Bacteria is often seen as one of the of the biggest villains in the fight for staying healthy – often literally. Half of the diseases from Oregon Trail are bacterial, and one of the most popular board games is a race to cure a disease before it spreads across the planet. But recently bacteria have started to become the heroes in the health world. Researchers have found that millions of tiny microbes – bacteria and other organisms – live throughout your body and actually help keep you healthy.
“Some studies have even shown that boosting your microbiome (the name given to all those colonies of bacteria) through probiotics can potentially help manage diabetes.”
How Your Microbiome Works
The different microorganisms that make up your microbiome live throughout your entire body: your gut, throat, ears, nose, and skin to name a few areas. Most of these are good. They help digest food, boost your immune system, help control weight, and perform any number of other functions that we’re just beginning to learn about.
These microorganisms come mostly from your environment and diet. Antibiotics, illnesses, and diets with lots of processed foods and sugar tend to kill off a lot of the variety in your microbiome. Luckily, eating plants, fiber, and fermented foods are great ways to increase the number of good microorganisms and get your body back on track.
Probiotics are also great ways to balance out your microbiome with good bacteria. Many probiotics come as supplements that you can take each day. Others are in foods that you can find at many grocery stores: Yogurt, kombucha, kefir, miso, sauerkraut, tempeh, kimchi.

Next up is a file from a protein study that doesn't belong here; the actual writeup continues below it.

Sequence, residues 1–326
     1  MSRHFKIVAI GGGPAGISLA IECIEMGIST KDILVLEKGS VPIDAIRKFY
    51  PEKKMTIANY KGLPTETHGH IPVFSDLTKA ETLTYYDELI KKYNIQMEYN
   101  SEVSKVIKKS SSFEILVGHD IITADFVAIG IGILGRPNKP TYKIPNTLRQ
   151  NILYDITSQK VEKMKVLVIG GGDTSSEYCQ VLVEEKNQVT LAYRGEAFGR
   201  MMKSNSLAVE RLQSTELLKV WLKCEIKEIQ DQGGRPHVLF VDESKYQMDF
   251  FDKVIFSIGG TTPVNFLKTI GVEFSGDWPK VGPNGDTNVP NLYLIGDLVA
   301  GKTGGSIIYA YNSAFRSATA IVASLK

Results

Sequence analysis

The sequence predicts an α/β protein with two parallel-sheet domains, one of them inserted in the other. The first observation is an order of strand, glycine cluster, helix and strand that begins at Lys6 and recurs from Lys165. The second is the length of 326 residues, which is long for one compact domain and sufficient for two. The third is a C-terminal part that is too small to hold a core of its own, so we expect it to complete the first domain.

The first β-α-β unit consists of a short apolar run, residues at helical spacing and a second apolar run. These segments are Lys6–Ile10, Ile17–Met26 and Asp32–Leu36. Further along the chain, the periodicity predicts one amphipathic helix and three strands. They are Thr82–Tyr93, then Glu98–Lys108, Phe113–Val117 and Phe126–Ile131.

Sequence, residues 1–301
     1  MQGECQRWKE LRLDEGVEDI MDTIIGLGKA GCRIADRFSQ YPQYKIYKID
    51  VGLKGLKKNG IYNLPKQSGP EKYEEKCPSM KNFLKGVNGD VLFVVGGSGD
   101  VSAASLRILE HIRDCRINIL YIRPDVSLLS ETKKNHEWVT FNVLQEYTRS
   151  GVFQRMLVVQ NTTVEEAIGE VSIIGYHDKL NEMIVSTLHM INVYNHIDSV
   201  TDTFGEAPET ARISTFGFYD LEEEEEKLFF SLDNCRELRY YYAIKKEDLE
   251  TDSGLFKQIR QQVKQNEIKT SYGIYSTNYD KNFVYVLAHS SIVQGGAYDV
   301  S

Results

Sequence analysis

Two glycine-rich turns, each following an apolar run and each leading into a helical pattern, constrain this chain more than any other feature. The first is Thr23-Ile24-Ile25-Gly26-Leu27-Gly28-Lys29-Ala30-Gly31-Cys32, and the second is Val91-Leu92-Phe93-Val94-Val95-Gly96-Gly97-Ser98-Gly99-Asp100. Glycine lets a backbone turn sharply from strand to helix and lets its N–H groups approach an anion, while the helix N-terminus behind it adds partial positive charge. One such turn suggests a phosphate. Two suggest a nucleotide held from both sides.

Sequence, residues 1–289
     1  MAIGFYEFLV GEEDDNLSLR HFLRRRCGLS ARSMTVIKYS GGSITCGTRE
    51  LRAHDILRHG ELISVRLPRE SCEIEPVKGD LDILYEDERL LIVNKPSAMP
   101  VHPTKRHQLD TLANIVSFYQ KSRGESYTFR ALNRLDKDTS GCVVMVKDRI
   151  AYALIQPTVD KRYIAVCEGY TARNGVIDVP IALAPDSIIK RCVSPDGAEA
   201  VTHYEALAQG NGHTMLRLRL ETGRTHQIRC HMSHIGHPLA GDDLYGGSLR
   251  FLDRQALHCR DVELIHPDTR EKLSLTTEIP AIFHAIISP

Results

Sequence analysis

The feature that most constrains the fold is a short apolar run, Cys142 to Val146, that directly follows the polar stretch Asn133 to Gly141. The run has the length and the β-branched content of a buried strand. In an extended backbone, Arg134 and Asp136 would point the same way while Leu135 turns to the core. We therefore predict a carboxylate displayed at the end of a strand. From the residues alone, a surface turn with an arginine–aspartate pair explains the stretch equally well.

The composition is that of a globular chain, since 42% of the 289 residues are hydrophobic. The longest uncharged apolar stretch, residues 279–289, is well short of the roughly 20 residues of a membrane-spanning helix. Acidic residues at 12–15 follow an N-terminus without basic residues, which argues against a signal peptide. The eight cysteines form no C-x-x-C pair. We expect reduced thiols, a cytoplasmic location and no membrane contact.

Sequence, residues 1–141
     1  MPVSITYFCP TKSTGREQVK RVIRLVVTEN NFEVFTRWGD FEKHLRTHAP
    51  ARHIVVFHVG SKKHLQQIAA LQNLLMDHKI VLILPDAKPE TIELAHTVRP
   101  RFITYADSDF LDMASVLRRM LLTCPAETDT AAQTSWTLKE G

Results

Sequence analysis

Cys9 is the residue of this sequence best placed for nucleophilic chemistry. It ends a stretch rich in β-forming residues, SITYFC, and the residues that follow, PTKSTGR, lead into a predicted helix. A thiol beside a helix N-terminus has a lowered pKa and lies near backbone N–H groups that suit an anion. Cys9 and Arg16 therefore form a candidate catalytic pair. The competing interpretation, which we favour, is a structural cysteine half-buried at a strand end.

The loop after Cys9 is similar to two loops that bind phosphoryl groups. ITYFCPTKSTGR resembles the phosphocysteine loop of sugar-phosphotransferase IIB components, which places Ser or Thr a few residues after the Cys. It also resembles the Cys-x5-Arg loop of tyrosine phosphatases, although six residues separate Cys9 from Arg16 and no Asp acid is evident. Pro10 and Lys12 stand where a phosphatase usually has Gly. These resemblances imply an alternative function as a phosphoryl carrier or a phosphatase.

Probiotics & Diabetes Management
The importance of a balanced microbiome is important for overall health, but its specific relationship to diabetes is only just now being examined. Researchers have started to look at how adding probiotics to a person’s diet affects markers of diabetes. Initial tests have shown some promising results. Several studies link probiotics to a decrease in fasting blood glucose levels, HbA1c levels, and fasting insulin levels. This is great news for people with diabetes, as it indicates that there may be another method to help manage the condition.
But these studies are just a start. The studies were too different from each other to get conclusive results and didn’t do a great job of figuring out exactly what kind or how much of a probiotic to take. Each study looked at different amounts of people for different lengths of time and measured slightly different things. More studies will have to be done to see if these results were a one-time instance or if they’re the real deal.
In the meantime, if you’re looking to learn more about your own microbiome, there are a number of at-home testing kits available from companies like uBiome, uBiota, and Viome. These kits will let you take test samples of different areas of your body, send them in for processing, and see the results. Taking the tests at least once a year may be helpful. That way, you’ll be able to see how the microorganisms in your body change with different diets, environments, illnesses, and other factors.
- Yao, K., Zeng, L., He, Q., Wang, W., Lei, J., & Zou, X. (2017). Effect of probiotics on glucose and lipid metabolism in type 2 diabetes mellitus: A meta-analysis of 12 randomized controlled trials. Medical Science Monitor, 23, 3044-3053. doi: 10.12659/MSM.902600
Molly Maloof, MD
Physician, technologist, and entrepreneur
Head of Medical Science at Sano Intelligence
Medical advisor/strategy consultant to over 20 companies in biotechnology, digital health, nutrition, and food industries